BERLIN — German soccer fans are increasingly unhappy about changes in the Bundesliga, including Monday night games, video assistance, questionable sponsorship arrangements, and growing pressure on the rule protecting clubs from outside investors.
Protests, threats, and anger dominated the 23rd round last weekend, and authorities are braced for more to come in the 11 remaining.
Eintracht Frankfurt fans vented their fury this week in the first of five scheduled Monday night games, occupying the area behind the goal, delaying kickoff, then drowning out the referee’s whistle with whistles of their own. They delayed the second half by throwing hundreds of tennis balls onto the pitch and toilet paper onto the goal.
“We’re whistling against the Monday game. We set the tone here,” read a huge banner behind the goal. Another banner accused the German soccer federation of being a “football-mafia” for putting its interests first.
More protests are expected when Borussia Dortmund hosts Augsburg next Monday night. Home fans are calling for a boycott.
The video assistant referee has also been a source of frustration since being introduced this season.
Bottom club Cologne was again the victim on Saturday, when Claudio Pizarro’s 94th-minute winner over Hannover was ruled out, cutting short the home fans’ celebrations. Marcel Risse, who provided the cross, was just offside. The call was correct, but it prevented a special ending.
Cologne was twice earlier incorrectly denied goal-scoring opportunities, and coach Stefan Ruthenbeck was aggrieved that Filip Kostic of relegation-rival Hamburger SV was awarded a goal through video assistance despite being offside in Leipzig three weeks before.
If, as appears increasingly likely, Cologne is relegated, VAR will have played a part as the side has been subjected to wrong decisions over the season.
Other teams’ fans have voiced their opposition to it, too, many frustrated by the stoppages while referees review decisions or wait to have calls corrected from the video assistant working in Cologne. Sometimes the video assistant does not step in, heightening the sense of injustice.
“It’s madness,” Cologne goalkeeper Timo Horn said. “If you analyze it calmly and factually, then these decisions are simply made arbitrarily. Sometimes yes, sometimes no.”
Some fans have protested against their own teams for lackluster performances. Wolfsburg ultras protested against their side during Bayern Munich’s visit last weekend.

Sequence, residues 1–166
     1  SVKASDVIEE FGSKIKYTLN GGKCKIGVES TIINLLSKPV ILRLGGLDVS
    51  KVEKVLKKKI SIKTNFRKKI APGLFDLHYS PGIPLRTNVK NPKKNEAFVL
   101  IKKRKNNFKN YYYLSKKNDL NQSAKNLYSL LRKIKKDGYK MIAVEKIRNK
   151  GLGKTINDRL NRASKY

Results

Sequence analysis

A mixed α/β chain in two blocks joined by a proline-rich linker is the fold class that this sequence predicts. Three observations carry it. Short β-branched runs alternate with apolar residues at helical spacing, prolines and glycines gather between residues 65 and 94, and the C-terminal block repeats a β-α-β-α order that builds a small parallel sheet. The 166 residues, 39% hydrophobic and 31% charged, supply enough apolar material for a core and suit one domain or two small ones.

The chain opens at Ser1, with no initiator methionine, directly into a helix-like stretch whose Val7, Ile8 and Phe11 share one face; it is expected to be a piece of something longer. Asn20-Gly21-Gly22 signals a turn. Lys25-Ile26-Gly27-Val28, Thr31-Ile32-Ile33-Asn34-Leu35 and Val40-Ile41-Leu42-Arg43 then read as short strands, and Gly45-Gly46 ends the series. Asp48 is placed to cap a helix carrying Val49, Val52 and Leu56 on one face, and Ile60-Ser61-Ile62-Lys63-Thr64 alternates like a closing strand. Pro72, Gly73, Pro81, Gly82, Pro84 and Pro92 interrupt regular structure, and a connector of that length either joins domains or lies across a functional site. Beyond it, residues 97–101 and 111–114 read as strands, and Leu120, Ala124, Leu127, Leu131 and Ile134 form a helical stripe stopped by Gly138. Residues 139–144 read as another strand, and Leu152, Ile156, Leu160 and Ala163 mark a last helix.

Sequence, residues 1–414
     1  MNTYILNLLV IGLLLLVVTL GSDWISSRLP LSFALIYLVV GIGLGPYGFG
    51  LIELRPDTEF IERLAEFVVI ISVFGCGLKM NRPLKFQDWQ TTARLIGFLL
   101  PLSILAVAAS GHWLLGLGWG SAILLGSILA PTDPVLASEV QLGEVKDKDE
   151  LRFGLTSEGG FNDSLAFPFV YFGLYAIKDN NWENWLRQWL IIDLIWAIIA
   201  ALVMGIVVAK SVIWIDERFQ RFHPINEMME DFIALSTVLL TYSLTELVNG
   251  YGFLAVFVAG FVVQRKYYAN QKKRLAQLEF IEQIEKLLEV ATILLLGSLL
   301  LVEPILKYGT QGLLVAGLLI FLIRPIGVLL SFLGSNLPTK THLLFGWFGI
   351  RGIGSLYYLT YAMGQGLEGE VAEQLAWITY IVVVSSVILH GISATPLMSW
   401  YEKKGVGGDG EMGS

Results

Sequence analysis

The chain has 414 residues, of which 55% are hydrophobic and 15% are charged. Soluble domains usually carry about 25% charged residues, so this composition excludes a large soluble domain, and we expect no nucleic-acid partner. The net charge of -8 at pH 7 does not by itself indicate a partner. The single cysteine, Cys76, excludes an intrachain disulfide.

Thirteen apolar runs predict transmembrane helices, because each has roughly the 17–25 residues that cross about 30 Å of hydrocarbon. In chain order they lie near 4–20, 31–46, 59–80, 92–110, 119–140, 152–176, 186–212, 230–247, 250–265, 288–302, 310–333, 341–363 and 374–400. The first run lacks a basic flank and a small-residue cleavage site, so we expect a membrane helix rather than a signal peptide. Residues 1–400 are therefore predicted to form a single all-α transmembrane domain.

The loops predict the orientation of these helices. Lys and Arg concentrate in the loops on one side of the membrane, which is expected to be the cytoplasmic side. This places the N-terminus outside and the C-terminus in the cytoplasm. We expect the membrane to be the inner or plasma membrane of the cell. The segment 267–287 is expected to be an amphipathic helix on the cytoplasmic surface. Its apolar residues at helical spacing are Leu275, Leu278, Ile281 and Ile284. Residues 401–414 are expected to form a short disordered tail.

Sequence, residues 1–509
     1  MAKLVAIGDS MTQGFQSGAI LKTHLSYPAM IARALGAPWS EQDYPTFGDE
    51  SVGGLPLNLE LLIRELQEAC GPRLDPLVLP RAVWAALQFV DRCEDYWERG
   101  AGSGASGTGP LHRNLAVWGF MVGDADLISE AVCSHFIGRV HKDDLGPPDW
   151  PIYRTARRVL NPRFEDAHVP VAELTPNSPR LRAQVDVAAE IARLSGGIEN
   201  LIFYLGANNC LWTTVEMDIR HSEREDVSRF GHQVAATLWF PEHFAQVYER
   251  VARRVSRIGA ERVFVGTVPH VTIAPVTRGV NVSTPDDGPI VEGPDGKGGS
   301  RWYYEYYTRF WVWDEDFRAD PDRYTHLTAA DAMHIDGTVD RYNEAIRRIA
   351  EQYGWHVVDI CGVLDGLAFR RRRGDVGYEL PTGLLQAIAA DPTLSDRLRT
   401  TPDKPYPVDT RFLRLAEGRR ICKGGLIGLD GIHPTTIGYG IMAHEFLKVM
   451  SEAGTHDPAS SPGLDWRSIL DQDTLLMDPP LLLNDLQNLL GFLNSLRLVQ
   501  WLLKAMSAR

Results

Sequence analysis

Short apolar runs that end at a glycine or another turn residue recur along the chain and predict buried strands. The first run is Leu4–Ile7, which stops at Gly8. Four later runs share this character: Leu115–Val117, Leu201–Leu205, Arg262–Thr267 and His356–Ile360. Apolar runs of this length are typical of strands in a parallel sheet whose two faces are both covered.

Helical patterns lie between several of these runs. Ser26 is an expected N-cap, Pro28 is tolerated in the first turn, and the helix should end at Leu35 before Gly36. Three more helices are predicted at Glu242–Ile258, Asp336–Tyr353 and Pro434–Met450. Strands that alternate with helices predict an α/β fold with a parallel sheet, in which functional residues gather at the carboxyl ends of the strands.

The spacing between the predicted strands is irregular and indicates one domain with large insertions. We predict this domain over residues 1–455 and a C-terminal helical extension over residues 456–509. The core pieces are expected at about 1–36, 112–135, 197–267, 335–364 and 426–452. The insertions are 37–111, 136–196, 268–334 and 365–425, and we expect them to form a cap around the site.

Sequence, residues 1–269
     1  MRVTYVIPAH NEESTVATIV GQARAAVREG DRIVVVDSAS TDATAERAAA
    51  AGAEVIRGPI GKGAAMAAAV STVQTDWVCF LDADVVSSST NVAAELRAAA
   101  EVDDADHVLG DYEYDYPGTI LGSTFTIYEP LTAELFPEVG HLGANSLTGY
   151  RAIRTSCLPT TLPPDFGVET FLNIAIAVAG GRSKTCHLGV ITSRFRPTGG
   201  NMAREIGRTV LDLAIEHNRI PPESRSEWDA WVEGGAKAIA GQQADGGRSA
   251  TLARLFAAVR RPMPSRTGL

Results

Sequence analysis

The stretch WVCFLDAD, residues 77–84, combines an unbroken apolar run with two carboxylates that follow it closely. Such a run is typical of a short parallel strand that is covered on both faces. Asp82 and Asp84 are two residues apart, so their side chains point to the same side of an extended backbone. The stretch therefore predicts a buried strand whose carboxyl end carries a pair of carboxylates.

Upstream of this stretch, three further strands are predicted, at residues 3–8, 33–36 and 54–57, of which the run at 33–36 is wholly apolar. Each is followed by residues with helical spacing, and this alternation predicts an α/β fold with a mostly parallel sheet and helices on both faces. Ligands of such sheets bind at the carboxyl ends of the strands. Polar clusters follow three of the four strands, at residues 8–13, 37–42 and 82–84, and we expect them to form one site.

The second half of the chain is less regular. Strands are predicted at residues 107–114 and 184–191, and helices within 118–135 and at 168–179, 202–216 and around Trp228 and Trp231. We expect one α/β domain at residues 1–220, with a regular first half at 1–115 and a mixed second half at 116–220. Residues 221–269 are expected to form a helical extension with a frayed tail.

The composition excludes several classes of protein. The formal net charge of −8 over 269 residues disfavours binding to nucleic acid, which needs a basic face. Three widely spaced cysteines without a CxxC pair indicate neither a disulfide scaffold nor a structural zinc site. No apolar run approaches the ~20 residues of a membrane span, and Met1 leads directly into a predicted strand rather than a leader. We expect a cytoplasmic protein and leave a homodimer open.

“Ambitious fans seek a team,” read one banner, as many fans decided to stay away for the first 19 minutes and 45 seconds, corresponding with the club’s foundation year.
Wolfsburg coach Martin Schmidt quit the side on Monday, saying he hoped to take the pressure off his side and himself. Wolfsburg next faces relegation rival Mainz on Friday.
Hamburg fans piled the pressure on their team last Saturday, displaying a banner referring to the Bundesliga clock in the stadium that read, “We will hunt you out of the city before the clock switches off.”
The team responded like a relegated side against Bayer Leverkusen, slumping to another loss, and riot police with dogs had to prevent fans storming the pitch after fulltime.
“A line was crossed there. We cannot tolerate that,” Hamburg sporting director Jens Todt said. “We have no understanding when violence is threatened.”
Hamburg remains six points from safety. No other side has escaped with such a deficit at this stage.
Some Bayern Munich fans, long spoiled by the team’s success, are also unhappy with their club’s increasing links with Qatar amid questions of alleged human rights abuses.
Bayern announced on Tuesday that Qatar Airways is to take Lufthansa’s place as a sponsor from the summer to 2023, encompassing an existing agreement with Hamad International Airport in Doha worth a reported 10 million euros per season.
Bayern chairman Karl-Heinz Rummenigge contends his side’s links with Qatar are helping workers’ conditions in the Gulf country.
Boardroom decisions are also causing concern in Hannover, where club president Martin Kind’s recent decision not to pursue a majority stake has granted the league’s “50+1 rule” a reprieve. The rule states that commercial investors cannot hold more than a 49 percent stake in a club.
Hannover fans’ strong opposition to Kind’s plans to secure an exception may have convinced him to back down for now. Christian Seifert of the DFL said the league body will again look at the rule but a decision will not be made before the end of the year.
Borussia Moenchengladbach defender Matthias Ginter addressed the growing divisions in German soccer in an interview with Bild this week.
“We’re already at a point where the split with fans can be dangerous,” Ginter said. “This process is already complete in England. The teams there are completely isolated from the fans. They don’t even go to the stands after games. And the tickets cost double. We are much closer to our supporters here.”